Existing standardised teaching documentation has been digitalised and made available as web-based training (WBT), video material or apps. This was backed up by the launch of a pilot project on the use of tablets in order to encourage mobile learning in vocational education and training. The resultant positive experiences show that the present generation of trainees are very accepting of these new forms of imparting training and indeed expect such an approach from a modern company training provider.
One works model, which up until now has been deployed at a single location, is currently being integrated into training at other locations. This involves using relevant learning and work remits in projects and small cross-occupational and cross-cohort groups as a basis for developing and enhancing models for process automation. Measured against the course of training, this will enable trainees’ problem solving skills and system understanding to be developed earlier, in a more concentrated form and in a different methodological manner.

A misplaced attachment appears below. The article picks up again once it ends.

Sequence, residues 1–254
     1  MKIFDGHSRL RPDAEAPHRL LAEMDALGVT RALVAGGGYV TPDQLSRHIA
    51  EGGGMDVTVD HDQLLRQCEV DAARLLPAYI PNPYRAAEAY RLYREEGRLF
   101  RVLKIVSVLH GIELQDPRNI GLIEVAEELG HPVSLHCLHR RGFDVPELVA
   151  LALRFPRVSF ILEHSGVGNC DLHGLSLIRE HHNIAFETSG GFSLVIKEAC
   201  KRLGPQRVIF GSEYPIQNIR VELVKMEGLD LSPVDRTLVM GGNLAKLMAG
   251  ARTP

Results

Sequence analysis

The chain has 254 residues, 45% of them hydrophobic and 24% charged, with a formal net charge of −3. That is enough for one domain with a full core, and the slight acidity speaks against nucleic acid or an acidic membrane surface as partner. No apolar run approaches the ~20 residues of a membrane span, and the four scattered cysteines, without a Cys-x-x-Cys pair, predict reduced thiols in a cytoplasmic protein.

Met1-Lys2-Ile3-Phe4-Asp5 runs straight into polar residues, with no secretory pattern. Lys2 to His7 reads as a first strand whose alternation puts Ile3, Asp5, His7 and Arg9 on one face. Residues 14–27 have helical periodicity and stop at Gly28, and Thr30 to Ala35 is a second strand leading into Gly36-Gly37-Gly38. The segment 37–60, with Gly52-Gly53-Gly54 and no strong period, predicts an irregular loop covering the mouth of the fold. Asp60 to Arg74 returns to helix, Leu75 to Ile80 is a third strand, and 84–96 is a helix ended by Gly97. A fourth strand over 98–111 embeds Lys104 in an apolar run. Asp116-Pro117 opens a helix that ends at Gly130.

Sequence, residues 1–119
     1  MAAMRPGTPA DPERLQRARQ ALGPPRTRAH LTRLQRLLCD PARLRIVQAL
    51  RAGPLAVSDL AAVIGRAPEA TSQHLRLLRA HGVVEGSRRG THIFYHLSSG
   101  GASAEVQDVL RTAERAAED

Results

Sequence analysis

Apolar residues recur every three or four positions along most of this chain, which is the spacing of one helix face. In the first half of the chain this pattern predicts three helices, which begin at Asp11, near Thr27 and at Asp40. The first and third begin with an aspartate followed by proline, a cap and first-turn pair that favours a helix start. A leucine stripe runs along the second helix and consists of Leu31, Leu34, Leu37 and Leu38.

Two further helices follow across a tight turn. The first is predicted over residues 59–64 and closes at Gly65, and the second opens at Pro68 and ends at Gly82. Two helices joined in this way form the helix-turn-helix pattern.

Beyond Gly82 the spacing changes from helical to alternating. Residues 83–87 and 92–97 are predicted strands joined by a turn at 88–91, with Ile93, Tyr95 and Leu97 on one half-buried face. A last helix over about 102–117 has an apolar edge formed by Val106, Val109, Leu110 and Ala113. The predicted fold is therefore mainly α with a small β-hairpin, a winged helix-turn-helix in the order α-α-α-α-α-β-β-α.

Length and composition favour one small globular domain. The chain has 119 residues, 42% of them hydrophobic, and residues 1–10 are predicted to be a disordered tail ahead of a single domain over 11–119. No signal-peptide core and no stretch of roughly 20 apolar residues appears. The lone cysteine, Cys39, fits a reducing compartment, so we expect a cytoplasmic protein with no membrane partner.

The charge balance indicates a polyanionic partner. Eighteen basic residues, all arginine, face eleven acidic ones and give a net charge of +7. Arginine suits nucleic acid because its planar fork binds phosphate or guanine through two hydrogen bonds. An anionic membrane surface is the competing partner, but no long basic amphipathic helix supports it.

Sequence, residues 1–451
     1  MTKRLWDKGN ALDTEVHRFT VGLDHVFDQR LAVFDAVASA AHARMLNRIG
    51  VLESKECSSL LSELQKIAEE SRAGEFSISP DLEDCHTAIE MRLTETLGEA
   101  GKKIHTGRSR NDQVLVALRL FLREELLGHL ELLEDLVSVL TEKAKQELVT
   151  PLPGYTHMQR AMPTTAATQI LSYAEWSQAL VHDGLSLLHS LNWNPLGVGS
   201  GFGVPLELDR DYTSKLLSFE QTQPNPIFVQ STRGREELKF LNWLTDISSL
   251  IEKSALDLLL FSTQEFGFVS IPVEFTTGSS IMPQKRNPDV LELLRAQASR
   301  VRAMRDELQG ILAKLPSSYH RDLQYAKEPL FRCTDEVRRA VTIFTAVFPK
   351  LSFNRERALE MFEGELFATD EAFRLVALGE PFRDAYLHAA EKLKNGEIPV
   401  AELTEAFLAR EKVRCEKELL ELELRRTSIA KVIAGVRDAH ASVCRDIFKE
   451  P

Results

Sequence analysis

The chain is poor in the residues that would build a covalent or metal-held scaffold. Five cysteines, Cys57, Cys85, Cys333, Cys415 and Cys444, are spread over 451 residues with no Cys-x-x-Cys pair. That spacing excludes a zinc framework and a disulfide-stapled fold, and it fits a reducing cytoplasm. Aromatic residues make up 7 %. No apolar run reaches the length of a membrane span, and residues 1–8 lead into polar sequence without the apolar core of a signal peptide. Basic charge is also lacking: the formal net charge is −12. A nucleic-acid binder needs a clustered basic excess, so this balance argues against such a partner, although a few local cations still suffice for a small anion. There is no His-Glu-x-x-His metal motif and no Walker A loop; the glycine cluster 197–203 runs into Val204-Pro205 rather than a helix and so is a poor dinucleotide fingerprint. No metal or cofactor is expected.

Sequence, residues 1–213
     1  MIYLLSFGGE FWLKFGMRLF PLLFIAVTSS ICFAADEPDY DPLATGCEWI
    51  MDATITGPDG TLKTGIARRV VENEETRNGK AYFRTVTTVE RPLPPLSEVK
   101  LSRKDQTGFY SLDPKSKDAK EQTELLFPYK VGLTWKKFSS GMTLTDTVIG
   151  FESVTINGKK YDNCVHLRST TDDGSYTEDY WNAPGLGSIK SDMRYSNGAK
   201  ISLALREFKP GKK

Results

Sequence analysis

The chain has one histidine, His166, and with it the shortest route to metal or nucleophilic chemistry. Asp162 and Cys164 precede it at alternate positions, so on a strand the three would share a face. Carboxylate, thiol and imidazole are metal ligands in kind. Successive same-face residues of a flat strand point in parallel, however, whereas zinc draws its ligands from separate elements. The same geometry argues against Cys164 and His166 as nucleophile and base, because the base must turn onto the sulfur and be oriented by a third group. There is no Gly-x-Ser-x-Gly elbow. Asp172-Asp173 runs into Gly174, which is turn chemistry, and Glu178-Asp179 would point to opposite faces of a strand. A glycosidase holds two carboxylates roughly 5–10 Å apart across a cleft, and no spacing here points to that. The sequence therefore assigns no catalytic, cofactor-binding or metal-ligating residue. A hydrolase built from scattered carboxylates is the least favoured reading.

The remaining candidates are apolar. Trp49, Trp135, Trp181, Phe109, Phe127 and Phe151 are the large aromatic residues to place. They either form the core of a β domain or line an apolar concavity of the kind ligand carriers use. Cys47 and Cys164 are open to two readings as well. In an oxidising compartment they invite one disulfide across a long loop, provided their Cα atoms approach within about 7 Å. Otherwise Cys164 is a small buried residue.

A competition calling upon trainees from all production locations to create either a teaching video or a video about the structuring of VET in the year 2025 from the point of view of the trainees will be hosted in the spring of 2017 in order to promote their media competence and encourage them to address a specialist topic. Involvement with the contents to be imparted enables strong consolidation of this knowledge by trainees.

The role of training staff will alter in the wake of these changes. They will open up learning pathways and assist trainees with learning processes by acting as coaches and support agents who also make learning packages available.

In order to be able to drive forward the digitalisation of vocational education and training in a holistic manner, investments in VET facilities will, of course, also be required.

Using areas of company structural potential in training